Saturday Night’s Main Event from May 1986 was as notable for who wasn’t there than for who was. Jesse Ventura was not on commentary, busy with filming Predator and he wasn’t seen again for several months. Ventura was brought back to the WWF at the insistence of NBC executives, who saw him as a key piece of the show. Taking his place alongside Vince McMahon for this show in Providence, RI was Bobby Heenan, who was not the comedian he would become in the early 90s working with Gorilla Monsoon.
After Mean Gene Okerlund runs down the card tonight we get to the promos. The Funks lead off and this is the final time we see Terry Funk on WWF TV for many years. And cripes, they’ve brought in Jimmy Jack Funk to take up space, a non-related “relative.” Little Haiti and Junkyard Dog join Hulk Hogan, who uses the word “buttwashers” to describe their opponents the Funks. Go ahead and look that up on Urban Dictionary. It’s disturbing, though I don’t know if Hogan meant it that way.
To the match, which sees Hogan in the road white trunks and knee pads: JYD slams both Terry and Dory Funk Jr. and Hogan is down on all fours for the JYD-style headbutts. Terry hits the post on a charge, and Heenan is very combative on commentary but gets in a good line saying JYD’s mom had 9 months to come up with a name and went with Junkyard. Jimmy Hart whacks the Haiti Kid with the branding iron and they go to break while they carry the little guy out.
In what should come as no shock, Terry is bumping everywhere even with one foot out the door, taking backdrops and body slams on tables and the floor which did not have the blue pads that we will see on the next SNME. Dory Jr. has a vertical suplex blocked and Hogan scored with one but is also hit with the branding iron. JYD chant as the Haiti Kid comes back to ringside. Hogan eventually gets the leg drop on Terry for the win, but Terry kicks out at 3.0000001 seconds. They beat up Haiti Kid after the match before Hogan gets to play hero again. And I can’t help but notice that Jimmy Jack Funk only shows up now, after everything is done. Wow, what a terrible gimmick.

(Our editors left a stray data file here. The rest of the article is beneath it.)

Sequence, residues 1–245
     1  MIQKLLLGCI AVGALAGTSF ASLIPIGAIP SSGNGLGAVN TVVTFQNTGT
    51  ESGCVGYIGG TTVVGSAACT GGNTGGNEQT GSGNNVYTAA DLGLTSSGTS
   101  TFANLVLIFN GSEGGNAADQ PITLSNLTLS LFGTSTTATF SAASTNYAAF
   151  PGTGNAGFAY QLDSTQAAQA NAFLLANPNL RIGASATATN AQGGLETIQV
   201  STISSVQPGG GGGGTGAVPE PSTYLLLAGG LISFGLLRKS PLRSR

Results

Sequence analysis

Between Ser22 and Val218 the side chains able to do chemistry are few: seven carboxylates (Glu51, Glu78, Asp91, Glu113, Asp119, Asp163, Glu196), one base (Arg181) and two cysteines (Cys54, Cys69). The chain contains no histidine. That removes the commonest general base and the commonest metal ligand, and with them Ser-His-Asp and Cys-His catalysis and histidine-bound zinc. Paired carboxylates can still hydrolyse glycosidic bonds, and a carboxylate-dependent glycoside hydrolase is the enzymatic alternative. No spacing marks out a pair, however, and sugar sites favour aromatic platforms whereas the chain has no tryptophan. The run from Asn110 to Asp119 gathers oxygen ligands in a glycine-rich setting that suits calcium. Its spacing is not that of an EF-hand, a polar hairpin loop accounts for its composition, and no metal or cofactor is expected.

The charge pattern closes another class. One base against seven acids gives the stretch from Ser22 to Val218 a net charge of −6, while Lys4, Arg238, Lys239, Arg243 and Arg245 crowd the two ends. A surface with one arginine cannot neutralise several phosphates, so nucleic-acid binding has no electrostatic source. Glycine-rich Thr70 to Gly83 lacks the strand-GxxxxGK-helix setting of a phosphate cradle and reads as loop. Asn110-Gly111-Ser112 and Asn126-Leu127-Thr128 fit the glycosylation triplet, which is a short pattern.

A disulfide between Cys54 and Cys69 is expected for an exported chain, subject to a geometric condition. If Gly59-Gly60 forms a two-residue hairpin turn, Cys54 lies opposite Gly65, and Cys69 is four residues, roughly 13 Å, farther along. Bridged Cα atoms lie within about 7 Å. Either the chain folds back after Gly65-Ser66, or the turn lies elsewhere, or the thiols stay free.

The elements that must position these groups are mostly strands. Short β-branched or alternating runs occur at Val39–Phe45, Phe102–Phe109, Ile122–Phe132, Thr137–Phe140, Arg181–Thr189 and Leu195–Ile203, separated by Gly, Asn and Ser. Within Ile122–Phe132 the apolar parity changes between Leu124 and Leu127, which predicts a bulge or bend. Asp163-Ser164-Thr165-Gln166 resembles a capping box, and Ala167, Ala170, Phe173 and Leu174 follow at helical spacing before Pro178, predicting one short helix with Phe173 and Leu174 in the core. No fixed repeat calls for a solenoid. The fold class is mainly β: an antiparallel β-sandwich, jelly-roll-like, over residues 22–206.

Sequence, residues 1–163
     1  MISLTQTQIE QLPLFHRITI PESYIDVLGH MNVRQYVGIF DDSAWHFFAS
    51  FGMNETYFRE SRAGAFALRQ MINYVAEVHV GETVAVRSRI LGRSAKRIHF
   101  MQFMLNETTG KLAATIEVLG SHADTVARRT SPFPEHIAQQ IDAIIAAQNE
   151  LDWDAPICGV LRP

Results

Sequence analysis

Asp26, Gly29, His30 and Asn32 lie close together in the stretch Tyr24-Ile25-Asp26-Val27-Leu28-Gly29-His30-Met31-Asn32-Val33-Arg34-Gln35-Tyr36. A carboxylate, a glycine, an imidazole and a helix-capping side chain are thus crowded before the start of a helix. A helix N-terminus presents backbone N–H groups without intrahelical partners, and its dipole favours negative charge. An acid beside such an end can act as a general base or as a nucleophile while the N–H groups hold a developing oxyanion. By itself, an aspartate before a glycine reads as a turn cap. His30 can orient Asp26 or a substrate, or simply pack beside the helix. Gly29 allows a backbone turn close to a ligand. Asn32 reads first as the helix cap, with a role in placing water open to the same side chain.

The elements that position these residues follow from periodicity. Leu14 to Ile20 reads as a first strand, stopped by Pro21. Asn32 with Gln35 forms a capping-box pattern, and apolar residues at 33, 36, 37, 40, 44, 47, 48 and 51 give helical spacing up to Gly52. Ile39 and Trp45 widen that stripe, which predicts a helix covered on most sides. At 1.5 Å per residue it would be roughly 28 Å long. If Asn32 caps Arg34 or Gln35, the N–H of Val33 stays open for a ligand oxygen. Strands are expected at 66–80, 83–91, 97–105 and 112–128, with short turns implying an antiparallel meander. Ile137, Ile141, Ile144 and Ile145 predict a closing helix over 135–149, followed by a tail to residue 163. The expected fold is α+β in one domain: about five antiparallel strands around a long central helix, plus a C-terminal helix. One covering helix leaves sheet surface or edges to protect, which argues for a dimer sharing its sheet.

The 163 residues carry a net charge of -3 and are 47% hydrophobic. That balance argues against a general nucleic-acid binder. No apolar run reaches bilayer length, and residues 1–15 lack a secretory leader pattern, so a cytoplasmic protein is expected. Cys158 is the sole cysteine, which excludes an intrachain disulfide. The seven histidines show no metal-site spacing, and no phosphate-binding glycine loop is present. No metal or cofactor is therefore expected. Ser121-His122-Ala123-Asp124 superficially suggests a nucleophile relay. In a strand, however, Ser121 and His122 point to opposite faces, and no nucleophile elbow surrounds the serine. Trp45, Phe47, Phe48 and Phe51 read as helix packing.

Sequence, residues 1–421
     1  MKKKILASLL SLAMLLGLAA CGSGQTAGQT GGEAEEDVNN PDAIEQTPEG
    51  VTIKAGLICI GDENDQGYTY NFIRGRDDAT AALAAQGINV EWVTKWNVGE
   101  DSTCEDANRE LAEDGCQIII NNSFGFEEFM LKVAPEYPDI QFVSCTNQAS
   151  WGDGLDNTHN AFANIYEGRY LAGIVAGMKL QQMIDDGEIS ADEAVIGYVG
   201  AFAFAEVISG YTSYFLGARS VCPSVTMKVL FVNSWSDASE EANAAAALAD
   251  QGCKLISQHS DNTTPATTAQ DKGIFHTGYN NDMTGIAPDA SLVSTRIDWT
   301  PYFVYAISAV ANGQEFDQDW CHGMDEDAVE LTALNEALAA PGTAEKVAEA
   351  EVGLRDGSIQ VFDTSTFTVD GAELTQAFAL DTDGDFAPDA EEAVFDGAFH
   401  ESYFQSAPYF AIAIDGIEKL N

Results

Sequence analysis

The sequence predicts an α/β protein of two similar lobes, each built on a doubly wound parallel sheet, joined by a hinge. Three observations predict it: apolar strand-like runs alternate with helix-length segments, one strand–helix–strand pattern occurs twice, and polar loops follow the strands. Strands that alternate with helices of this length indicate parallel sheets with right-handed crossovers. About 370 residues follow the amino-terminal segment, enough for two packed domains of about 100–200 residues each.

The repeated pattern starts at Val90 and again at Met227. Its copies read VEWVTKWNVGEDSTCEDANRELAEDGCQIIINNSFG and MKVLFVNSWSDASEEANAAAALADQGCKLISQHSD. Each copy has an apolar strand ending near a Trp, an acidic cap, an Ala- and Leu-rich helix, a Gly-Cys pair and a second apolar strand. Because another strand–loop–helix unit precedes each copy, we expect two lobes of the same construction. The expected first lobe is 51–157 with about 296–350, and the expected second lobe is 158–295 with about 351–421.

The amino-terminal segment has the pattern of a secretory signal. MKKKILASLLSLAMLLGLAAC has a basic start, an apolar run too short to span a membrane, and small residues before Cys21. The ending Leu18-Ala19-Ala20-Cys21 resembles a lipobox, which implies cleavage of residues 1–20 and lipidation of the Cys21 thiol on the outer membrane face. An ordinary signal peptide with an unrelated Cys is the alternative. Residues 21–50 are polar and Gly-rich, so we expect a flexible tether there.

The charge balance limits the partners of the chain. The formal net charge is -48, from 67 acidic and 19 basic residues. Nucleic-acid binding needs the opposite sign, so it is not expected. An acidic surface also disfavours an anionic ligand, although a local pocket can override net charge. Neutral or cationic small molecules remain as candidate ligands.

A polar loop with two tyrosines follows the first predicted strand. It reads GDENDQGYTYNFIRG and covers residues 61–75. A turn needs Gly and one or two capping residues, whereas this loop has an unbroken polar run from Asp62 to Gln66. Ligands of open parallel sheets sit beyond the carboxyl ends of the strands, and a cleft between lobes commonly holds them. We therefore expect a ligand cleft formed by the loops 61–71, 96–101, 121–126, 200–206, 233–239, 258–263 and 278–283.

The bout between King Kong Bundy and Uncle Elmer is more than just a fat guy duel. “Uncle ‘Elmo’ is in big trouble” says Bundy and he was right for reasons that had nothing to do with Bundy. Elmer was about 50 years old by this point and largely an afterthought, and yet he still threatened to no-show this match to the point where they had to get Hillbilly Jim on a flight from the west coast to Rhode Island to fill in, according to the story Jim tells on The Art of Wrestling podcast with Colt Cabana. As it turned out, Elmer did wrestle and was hardly heard from again. Bundy won this one rather quickly.
Adrian Adonis is going to play on the prejudices against gays in 1986, singing “hey hey Paula I want to wrestle you” to a cardboard cutout of Paul Orndorff. Mr. Wonderful says Adonis is “light in the loafers” which is something your parents might have said during the time. By the way, Orndorff is with Okerlund in the sauna for that interview for some reason.